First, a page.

“[…] Despite a promise by Normalisation Committee member Nicholas Gomez, the Trinidad and Tobago Football Association (TTFA) remains without a functioning technical committee for close to two years and there is no transparent, standardised process for the hiring of coaches.
“[…] We would like to remind Mr Robert Hadad and company that football belongs to the people of Trinidad and Tobago. They have a responsibility as stewards and communication is not optional…”
The following is a media statement from the Unified Football Coaches of Trinidad and Tobago (UFCTT) on the hiring practices of the Fifa-appointed normalisation committee:
The Unified Football Coaches of Trinidad and Tobago (UFCTT) remains frustrated by the administration and governance of Trinidad and Tobago’s football by the Fifa-appointed Normalisation Committee.
Despite a promise by Normalisation Committee member Nicholas Gomez, the Trinidad and Tobago Football Association (TTFA) remains without a functioning technical committee for close to two years and there is no transparent, standardised process for the hiring of coaches.
The UFCTT also notes the inconsistent manner in which national staff appointments are now made public. In the past, the TTFA would issue a media release or post information on its website and send the press a link to said story, as was done with new Women’s National Senior Team assistant coach Carlos Edwards.
However, the manner in which the appointments of Derek King, Abdallah Phillips, Anton Pierre and Rayshawn Mars were made public was wholly unsatisfactory and very unprofessional, to say the least.
We would like to remind Mr Robert Hadad and company that football belongs to the people of Trinidad and Tobago. They have a responsibility as stewards and communication is not optional.
In the absence of a technical committee, whose responsibility it should be to develop criteria for coaching staff, vet applicants and approve candidates, we are left with holes in the process.
This is not a question of the competence or qualification of the coaches hired, but it addresses the same issues the UFCTT raised when Richard Hood and Dernelle Mascall were hired without proper process.
Ironically, Angus Eve, one of the founding members of the UFCTT, was the one publicly making the case for a more transparent process on that occasion. With Mr Mars, a UFCTT executive member, being one of the new appointees, it is lamentable that individual interests continue to undermine our stated position.
We need to adopt a professional approach that will minimise the appearance of nepotism, create hope and instill confidence in the coaches of Trinidad and Tobago.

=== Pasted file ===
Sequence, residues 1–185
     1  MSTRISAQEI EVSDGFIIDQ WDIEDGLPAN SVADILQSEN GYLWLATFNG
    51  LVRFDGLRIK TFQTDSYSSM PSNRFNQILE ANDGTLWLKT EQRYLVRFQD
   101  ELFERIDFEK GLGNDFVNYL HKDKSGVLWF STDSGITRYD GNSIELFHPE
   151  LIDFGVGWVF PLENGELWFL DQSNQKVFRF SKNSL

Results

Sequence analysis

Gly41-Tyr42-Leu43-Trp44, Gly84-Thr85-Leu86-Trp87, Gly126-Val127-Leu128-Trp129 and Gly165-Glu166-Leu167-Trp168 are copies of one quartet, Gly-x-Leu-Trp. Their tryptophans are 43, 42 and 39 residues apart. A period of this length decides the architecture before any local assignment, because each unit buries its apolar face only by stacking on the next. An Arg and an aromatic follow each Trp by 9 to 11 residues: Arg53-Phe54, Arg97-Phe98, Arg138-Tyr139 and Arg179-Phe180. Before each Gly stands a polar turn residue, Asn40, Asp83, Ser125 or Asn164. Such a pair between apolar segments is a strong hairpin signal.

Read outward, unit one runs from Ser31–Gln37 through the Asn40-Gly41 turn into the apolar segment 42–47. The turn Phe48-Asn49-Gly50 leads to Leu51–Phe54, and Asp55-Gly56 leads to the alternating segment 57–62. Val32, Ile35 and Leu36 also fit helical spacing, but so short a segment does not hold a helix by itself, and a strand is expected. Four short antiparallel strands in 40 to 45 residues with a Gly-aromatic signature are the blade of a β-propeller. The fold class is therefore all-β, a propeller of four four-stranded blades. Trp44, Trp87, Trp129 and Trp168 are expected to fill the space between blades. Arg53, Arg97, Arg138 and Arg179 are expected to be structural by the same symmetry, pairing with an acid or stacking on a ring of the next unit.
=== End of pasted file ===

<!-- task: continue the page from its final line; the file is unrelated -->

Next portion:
The UFCTT has decided that this will be our last response to the Normalisation Committee’s continued neglecting of proper process for the selection of coaches. We do not see this as our singular purpose nor do we see ourselves as the sole watchdog.
We have always said that all stakeholders and even the public must hold whoever is in governance accountable for guiding our football along the correct path.
We have listened to the deafening silence of stakeholders while the Normalisation Committee continues its erosion of any remaining football structures.
The UFCTT is committed to continuing our work in the areas of providing meaningful benefits and enhancements to our members, through insurance coverage, access to equipment, and coaching education at realistic costs as well as networking opportunities.
We hope for the sake of Trinidad and Tobago’s football that the Normalisation Committee has good intentions because after two years they are yet to prove it.
Editor’s Note: The Fifa-appointed normalisation committee, which runs the Trinidad and Tobago Football Association (TTFA), comprises Robert Hadad (chairman), Judy Daniel (vice-chair), Nigel Romano and Trevor Nicholas Gomez.
The committee’s original two-year appointment expires in March 2022 but they have already been granted a one-year extension by Fifa.
The Normalisation Committee couldn’t care less about what the Coaches Association, football people or the public thinks. In fact, its contempt for everybody is yet again evidenced in its recruitment, under cover of darkness and for the second time, of a Coaches Association officer to a national team position in flagrant contempt of the very transparency the Association is calling for. It’s time for the Association to “examine the horns” within its own operation because it evidently can’t rely on its own leaders to abide by the principles the Association is articulating, and which the leaders are supposed to be championing.
It’s a bad joke. The national motto of this country should be “What’s in it for me?”